Traditional news organizations have a long history of maintaining separate departments responsible for advertising and editorial content. Sure, you can look at many magazines and television programs these days that don’t seem to have gotten the memo. But at most news organizations the reporters will never speak directly to the business managers.
Coming from the world of journalism, this is one of the things that scared me most about blogging. Most bloggers don’t have that background, and more importantly, they don’t have those resources. If you’re running a company of one, or even a company of 5 or 10, you probably can’t afford to hire someone to handle the business while you crank out content.
And that’s why it’s not surprising to see the latest mini-controversy to hit the blogging world. (I say mini, because like most news about blogs, its 15 minutes of fame will probably last through the weekend and disappear the moment there’s something else to focus on, like the iPhone).
In a nutshell, Web 2.0 gossip site Valleywag, which is usually filled with speculation, allegations, and generally unreliable information, lobbed some accusations against top bloggers including Om Malik and Mike Arrington Friday.
Basically, Federated Media designed an advertising campaign and website for Microsoft, asking “when did you know your business was people ready?” A number of prominent bloggers wrote answers to that question, and snippets of their replies were placed into banner ads which appeared on their sites and other web pages. While they weren’t paid directly for their quotes, the bloggers did receive payment for every ad click from their web sites.
Several bloggers, including Om Malik later thought better of their involvement (after the Valleywag article), and withdrew the ads from their site. Others, including Mike Arrington defended their campaign, even after Federated Media pulled the ads. If you want a more detailed description of the controversy, I recommend checking out Jeff Jarvis’s thoughtful post on the topic.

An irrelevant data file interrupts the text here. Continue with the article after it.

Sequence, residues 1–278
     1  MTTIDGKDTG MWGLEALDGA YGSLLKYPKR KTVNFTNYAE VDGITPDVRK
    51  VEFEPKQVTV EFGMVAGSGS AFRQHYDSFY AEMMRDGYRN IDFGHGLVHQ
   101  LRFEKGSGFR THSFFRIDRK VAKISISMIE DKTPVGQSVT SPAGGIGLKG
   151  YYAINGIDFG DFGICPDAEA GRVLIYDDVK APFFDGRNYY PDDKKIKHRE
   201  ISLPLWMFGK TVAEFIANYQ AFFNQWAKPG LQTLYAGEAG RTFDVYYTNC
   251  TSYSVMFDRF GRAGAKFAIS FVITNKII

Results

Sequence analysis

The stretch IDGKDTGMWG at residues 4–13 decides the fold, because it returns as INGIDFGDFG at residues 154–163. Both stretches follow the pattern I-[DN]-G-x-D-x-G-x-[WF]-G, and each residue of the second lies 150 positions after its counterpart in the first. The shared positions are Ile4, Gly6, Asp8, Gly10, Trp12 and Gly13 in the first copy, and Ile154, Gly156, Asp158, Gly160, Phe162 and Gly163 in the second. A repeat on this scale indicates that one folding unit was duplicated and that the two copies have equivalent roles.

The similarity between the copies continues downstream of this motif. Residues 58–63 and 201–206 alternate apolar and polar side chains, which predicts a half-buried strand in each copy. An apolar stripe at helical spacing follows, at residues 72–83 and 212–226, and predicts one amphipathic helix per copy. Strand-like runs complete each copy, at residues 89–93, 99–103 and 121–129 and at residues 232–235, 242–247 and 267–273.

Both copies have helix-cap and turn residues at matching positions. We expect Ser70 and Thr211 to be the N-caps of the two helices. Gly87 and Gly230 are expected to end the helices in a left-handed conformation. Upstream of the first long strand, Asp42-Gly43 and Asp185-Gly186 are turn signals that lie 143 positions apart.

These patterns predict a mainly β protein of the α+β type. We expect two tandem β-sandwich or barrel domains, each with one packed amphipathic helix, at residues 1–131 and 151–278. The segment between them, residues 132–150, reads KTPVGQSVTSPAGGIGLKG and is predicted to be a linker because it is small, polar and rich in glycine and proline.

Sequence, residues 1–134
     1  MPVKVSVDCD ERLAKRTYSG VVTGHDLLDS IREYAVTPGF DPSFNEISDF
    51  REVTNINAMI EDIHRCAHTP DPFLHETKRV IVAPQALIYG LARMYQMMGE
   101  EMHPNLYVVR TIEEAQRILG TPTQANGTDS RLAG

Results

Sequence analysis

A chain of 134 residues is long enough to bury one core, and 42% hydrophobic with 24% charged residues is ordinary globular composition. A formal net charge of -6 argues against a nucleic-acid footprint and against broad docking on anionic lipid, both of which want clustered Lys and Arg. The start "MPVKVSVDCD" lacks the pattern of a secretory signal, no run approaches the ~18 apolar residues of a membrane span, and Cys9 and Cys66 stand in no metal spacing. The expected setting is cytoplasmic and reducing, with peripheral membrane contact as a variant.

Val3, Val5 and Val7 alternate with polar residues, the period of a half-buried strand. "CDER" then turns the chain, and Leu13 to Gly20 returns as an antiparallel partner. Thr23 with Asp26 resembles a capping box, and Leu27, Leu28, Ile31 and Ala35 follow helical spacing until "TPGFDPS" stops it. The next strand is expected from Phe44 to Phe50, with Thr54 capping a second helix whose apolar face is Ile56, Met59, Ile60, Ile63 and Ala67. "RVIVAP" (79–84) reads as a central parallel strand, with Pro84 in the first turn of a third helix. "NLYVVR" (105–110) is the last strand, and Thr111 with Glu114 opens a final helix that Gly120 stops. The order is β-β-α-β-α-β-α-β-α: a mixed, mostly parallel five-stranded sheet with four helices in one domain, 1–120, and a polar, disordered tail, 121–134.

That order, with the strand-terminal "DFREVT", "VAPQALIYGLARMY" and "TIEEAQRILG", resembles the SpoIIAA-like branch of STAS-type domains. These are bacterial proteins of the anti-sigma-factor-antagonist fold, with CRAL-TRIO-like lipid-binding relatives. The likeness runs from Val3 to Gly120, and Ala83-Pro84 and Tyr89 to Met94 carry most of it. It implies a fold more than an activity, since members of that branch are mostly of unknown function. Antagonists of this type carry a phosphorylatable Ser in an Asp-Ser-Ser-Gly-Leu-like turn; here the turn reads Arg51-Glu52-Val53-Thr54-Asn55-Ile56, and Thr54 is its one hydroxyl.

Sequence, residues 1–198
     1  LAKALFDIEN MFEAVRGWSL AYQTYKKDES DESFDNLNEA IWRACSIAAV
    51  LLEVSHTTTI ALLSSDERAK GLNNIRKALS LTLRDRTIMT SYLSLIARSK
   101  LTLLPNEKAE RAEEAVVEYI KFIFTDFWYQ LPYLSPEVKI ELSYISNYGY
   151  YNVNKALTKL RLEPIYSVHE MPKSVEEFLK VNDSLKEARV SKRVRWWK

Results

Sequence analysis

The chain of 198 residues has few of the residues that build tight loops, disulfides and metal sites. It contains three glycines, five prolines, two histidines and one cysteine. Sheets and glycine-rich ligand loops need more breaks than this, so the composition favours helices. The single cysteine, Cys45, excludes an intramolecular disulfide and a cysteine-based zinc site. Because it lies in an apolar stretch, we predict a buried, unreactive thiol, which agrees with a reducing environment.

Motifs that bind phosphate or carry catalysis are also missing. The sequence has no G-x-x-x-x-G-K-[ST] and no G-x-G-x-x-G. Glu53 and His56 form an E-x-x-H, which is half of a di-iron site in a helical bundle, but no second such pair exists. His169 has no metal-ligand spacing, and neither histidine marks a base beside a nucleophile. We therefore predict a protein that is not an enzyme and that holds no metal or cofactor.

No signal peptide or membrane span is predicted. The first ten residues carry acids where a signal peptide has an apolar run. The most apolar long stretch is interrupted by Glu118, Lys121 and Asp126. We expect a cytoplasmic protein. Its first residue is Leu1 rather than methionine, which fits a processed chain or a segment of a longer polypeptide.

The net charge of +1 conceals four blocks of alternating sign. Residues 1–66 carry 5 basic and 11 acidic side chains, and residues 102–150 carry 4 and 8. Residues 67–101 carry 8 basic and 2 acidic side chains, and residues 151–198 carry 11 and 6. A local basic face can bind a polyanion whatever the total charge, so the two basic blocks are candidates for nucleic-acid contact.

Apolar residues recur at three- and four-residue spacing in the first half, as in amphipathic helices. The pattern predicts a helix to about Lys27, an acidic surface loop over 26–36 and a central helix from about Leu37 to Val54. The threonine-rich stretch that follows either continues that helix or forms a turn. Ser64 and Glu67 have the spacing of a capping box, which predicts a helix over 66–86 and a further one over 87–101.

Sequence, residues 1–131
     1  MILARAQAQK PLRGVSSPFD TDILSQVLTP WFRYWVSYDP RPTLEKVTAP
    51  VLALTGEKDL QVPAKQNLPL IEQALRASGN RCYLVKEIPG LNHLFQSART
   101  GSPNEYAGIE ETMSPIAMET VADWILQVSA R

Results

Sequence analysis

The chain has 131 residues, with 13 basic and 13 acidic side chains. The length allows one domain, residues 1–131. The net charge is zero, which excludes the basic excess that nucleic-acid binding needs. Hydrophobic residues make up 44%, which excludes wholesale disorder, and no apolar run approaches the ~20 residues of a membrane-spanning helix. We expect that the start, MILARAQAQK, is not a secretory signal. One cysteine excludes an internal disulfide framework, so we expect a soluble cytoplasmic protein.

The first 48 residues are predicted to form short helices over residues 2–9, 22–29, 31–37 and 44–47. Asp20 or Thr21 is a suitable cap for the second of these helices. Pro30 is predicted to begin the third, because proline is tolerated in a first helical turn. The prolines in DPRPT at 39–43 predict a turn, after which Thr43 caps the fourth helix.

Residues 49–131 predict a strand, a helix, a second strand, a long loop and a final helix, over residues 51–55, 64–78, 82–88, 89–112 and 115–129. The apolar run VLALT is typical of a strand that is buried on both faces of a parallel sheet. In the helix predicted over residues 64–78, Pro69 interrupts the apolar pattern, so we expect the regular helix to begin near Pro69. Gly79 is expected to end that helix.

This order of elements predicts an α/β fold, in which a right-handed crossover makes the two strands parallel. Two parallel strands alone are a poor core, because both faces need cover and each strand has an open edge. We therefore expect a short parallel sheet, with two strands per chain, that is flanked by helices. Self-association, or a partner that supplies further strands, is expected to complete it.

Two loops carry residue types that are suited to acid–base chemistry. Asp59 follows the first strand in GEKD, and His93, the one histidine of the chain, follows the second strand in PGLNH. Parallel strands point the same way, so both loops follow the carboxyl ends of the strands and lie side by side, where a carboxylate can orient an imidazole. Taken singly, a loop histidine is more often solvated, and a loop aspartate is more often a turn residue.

While some have tried to turn this into a question of whether bloggers should be accepting advertising revenue (the answer is obviously yes, ads have been a major source of revenue for media for over a century), the larger question here is the blurring of the lines between advertising and editorial content.
In my old newsroom I never once had a conversation about underwriting (I worked in public radio, so I won’t get into the fine line between underwriting and advertising — I would guess that most listeners don’t notice the difference).
When I began blogging I was a bit concerned that it would be hard to keep a strong editorial firewall. But Weblogs Inc and AOL (the parent companies of Download Squad and TV Squad), are at least as good at maintaining a separation of church and state as most old media companies. And for this personal blog, I use services like Google AdSense, because they take most of the control out of your hands. You’re not picking and choosing your advertisers, and there’s no real pressure to write positive reviews of any particular product, because you never really know what’s going to be advertised on your site.
But once you get into campaigns like the “People Ready” one, you’re seeing bloggers taking an active role in advertising. And once that happens, you’ll never know if you can really trust that blogger’s words in the future, or if they’re making sponsored endorsements. In fact, probably the best thing about the Federated Media campaign is that it was so blatantly obvious. It highlighted who some of these bloggers are.
I respect Om Malik, Mike Arrington and the others, so I doubt I’ll stop reading their blogs. But this incident might make me pause to think a bit more about what exactly it is that I’m reading.